Today, we have calls by those who should know better, such as Senator Hatch’s abominable statements of late, to regulate the Internet and particularly the Web, on this basis. Also added into the equation are demands for restrictions and back-doors for national security. For now, I merely suggest that all concerned go read the Constitution, and think again.
For now, the real factor that upsets most of the apple carts is that the U.S. Government has never required the licensing of journalists, and in fact has ruled against such. While there have been a number of cases of individual judges deciding – in most interesting fashion, (see the case of the freelance writer jailed in Texas by a judge who has a most creative and interesting definition of “real” journalism) – who is and who is not a journalist, the law of the land simply states that it is anyone covering and reporting the news. Most interesting decisions by judges end up getting overturned when and if the cases involved reach the Supreme Court.
As for me, I see the blogosphere as being the new media and the new journalism. With the power provided by this technology, the relatively low cost and wide availability, everyone has the capability to be a reporter, and it can and should be argued that blogs represent the new media outlets. Indeed, many of the blogs do a far better job of reporting news in a fair and balance manner, with discussion in comments or in separate columns that would fill Jefferson, Paine, and others with fevered delight in terms of rational discourse. Not to say that many comments are rational, but even the most irrational spark discussion and thought.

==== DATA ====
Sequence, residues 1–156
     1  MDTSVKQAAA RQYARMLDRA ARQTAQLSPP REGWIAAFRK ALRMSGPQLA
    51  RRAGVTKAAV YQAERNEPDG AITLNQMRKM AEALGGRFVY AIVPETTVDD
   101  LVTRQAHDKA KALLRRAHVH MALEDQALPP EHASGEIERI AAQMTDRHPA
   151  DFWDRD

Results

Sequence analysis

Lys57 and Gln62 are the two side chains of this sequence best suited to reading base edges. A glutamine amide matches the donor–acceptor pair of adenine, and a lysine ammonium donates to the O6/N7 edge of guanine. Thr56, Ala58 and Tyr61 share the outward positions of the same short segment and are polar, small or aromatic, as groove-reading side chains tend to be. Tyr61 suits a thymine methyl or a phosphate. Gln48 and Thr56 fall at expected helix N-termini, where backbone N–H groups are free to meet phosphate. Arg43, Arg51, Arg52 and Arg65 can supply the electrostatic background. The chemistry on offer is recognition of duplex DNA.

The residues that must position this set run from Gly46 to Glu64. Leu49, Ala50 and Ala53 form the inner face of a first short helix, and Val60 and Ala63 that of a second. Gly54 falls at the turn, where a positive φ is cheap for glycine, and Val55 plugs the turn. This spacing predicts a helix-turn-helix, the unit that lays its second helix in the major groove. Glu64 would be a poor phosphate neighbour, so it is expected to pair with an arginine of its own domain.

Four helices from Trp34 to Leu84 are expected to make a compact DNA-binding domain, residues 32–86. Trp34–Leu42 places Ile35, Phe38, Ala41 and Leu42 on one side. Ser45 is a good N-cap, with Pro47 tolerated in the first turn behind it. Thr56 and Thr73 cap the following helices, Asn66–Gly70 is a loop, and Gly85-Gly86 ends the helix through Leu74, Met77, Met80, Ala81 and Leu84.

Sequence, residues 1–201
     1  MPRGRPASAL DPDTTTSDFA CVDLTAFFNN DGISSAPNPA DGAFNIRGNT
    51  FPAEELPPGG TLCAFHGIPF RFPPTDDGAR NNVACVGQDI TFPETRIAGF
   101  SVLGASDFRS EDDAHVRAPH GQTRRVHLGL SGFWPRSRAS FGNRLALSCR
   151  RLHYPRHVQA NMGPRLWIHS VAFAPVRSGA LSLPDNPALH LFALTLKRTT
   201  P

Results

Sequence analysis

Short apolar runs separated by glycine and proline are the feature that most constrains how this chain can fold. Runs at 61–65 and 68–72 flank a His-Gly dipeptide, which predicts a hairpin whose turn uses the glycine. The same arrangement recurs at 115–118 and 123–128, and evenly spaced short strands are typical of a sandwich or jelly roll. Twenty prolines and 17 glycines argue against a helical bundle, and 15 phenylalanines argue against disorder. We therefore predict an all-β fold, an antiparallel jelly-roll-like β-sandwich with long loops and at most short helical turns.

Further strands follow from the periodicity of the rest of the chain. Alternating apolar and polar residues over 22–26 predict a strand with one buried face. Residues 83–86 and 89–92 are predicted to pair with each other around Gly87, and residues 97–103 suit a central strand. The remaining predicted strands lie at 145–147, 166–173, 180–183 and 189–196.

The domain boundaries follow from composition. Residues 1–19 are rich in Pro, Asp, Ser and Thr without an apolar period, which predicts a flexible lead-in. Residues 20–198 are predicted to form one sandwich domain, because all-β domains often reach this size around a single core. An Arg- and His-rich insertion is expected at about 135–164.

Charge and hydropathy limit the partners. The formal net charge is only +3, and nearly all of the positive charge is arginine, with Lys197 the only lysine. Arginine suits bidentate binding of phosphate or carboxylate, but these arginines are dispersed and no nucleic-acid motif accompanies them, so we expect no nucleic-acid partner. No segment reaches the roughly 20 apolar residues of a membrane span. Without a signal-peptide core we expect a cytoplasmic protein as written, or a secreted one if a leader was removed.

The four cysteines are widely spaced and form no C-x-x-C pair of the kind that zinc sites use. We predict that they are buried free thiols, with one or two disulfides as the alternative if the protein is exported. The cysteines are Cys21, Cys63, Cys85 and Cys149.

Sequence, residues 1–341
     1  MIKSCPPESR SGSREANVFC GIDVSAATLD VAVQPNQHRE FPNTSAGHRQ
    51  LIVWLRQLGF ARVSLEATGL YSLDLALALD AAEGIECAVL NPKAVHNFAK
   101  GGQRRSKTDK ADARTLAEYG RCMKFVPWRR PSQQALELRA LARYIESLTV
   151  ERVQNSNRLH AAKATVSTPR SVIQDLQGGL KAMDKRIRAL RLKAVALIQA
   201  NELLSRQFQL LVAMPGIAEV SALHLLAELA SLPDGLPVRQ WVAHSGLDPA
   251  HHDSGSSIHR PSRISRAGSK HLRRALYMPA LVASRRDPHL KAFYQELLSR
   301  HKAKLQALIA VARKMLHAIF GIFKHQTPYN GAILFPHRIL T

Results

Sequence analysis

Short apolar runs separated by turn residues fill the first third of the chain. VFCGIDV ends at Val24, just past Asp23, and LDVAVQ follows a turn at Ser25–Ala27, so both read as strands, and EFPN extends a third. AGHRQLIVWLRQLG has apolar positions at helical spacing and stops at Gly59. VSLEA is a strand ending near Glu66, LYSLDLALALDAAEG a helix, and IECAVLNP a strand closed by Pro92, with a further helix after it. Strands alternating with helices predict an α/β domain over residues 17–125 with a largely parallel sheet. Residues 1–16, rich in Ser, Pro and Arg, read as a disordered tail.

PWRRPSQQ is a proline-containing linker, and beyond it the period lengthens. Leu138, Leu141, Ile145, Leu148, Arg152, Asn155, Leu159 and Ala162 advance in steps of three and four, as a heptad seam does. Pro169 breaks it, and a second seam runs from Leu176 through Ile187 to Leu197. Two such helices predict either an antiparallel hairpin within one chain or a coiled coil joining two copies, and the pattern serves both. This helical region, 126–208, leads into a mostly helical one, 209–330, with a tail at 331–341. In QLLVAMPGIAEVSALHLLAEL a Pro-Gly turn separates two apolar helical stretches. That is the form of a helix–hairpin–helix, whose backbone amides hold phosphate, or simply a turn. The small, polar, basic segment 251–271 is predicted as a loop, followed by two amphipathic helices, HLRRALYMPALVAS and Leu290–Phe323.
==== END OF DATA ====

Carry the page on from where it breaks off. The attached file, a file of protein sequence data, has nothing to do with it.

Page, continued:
Add to this the power of economics, and you have a winner. Bloggers such as Andrew Sullivan have proven that blogs and the Web can be a money-making proposition in the same way as traditional media, fulfilling the economic requirement. It is quite likely that we are witnessing the start of a new revolution within the Web and blogging as payment, voluntary or otherwise, becomes the norm rather than the exception. Even with such, there will be few restrictions on anyone taking part from the point of view of the technology. Governments can and are putting restrictions elsewhere, in a desperate and doomed attempt to control the flow of information, but at least for now there are means to bypass such efforts. Care needs to be taken, however, to ensure that this situation does not change from ill-intentioned laws (cloaked in the best of intentions/save the children/protect the public from what it can’t or shouldn’t understand) both local and international.
Now, we are finally set to begin discussing specific suggestions for saving journalism and actually making it what it has wanted to be, and has never truly been. Stay tuned, more to come.